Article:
Embrace home learning with the CREST Awards

By Tabitha Jenkins

The Biochemical Society has teamed up with the British Science Association to create its very own CREST Awards resources. With country-wide school closures and home learning, there doesn’t seem like a better time for home-friendly self-learning!

The CREST Awards are designed to inspire STEM learning by engaging students in the practical side of science, both at school and at home. As a scientist, it is essential to understand that there is a practical side to science that requires one to roll their sleeves up and get stuck in. The CREST Awards are designed to use everyday resources readily available in the home to solve problematic scientific questions. Have you ever wondered how antibiotic resistance came about? Or how we could solve the problem of world hunger? Or even how we can utilise enzymes found in our day-to-day food for more than just eating? Well, the Biochemical Society’s CREST Awards resources give you the opportunity to do just that. These resources not only give the background to learn new topics but also help students to use their imagination to think up problems associated with these areas and come up with scientific solutions to them! A lot of the problems addressed in these CREST Awards resources are problems the world faces today. There is no better inspiration then feeling that research you do may make a difference to how people live – even if it is persuading your parents to change washing detergent!

The real-world problems addressed in these resources create challenges for school students that real life scientists face and solve every day. They are aimed at all ages with different levels of difficulty from year 5-7 at Star level to year 10-14 at Discovery level. Projects aimed at older students help them to run their own STEM projects as part of a team or individually. These projects can be submitted for awards and are great for enhancing UCAS applications.  You can learn more about the CREST Awards by following the link here to find out about the different projects and awards on offer.

The Biochemical Society resource guides cover topics in antibiotic resistance, saving the world with enzymes and feeding the world with biochemistry. These resources guide students through a set of criteria required to achieve the Gold CREST Award (16+ students) and help students to contribute something unique to the scientific community. These projects allow for experimental planning, design, execution and interpretation to give students an insight into life as a scientist. The biochemical projects cover both lab-based projects and bioinformatics-based projects aimed at everyone’s interests. Resources in solving the problem of antibiotic resistance covers projects looking at ‘good-bacteria’ known as probiotics, assessing natural antibiotics found in the kitchen and even designing and presenting a plan to the government to overcome a worldwide pandemic – rather relevant with today’s situation!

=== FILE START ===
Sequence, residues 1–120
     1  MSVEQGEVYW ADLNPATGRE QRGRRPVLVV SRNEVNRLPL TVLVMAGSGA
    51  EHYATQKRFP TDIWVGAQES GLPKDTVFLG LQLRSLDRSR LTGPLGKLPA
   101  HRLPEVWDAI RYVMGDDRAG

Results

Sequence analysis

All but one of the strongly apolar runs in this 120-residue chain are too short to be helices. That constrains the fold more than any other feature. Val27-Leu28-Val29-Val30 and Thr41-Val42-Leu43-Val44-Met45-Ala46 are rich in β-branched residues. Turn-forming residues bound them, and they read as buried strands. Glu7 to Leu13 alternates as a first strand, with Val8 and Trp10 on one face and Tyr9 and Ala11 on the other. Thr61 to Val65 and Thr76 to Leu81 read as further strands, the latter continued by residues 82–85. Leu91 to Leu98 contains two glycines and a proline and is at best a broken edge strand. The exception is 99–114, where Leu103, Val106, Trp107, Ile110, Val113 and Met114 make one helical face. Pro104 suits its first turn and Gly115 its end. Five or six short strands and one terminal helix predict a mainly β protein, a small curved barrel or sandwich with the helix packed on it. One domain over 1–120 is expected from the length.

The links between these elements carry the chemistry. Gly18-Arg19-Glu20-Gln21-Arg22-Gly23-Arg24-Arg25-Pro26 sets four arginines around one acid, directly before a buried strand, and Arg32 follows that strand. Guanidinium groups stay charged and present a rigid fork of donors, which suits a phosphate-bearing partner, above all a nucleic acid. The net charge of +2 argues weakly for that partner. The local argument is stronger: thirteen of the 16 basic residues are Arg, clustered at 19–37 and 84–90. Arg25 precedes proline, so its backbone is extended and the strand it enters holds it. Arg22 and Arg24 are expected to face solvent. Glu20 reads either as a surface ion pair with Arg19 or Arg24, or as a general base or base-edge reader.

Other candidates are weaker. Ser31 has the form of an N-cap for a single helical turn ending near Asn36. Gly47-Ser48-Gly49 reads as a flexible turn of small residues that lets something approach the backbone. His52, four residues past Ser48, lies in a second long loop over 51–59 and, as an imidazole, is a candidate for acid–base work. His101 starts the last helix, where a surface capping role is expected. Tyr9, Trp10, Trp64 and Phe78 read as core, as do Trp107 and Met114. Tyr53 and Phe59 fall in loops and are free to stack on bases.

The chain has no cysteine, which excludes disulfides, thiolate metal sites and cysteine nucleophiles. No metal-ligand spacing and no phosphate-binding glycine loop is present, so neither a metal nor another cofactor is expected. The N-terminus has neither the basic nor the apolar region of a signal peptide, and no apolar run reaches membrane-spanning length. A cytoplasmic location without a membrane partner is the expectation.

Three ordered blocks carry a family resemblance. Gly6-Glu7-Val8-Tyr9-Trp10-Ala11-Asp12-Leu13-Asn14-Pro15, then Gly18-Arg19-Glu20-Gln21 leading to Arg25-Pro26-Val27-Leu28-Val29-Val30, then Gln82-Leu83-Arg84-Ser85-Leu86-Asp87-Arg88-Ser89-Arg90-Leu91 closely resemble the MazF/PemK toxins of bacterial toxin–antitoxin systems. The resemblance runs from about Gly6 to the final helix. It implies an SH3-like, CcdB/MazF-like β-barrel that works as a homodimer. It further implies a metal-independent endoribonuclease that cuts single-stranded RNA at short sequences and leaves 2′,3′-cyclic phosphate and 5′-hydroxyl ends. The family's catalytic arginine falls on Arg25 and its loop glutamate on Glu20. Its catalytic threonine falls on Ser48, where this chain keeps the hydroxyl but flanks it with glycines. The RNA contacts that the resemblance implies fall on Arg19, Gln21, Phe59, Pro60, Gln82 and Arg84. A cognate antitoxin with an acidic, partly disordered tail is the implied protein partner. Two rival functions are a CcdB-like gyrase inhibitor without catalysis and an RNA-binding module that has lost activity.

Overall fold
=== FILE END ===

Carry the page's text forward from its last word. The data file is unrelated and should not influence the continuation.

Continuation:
School taught science lessons are not always able to get across the process of scientific experimental research and the day-to-day life of a scientist. While knowing what problems there are is essential, scientists also need to be able to break down the problem and design an experiment to both get to the route of a problem or indeed solve it (or sometimes not). These projects allow school students to experience this step-by-step process to come to their own conclusions – not a ready-made conclusion from a long-ago solved experiment often given in a school curriculum. By looking at real-life every-day problems, students can learn to love science for what it is – a very current, challenging and ever-changing subject. Why should the next generation of scientists wait until University to get into experimental design! Links to the Biochemical Society’s CREST Awards resources can be found here for free.

About the author:

Tabi Jenkins completed her PhD thesis researching human helicase proteins in DNA repair at the University of Nottingham. She is currently working as a Postdoctoral Researcher at Birkbeck, University of London.

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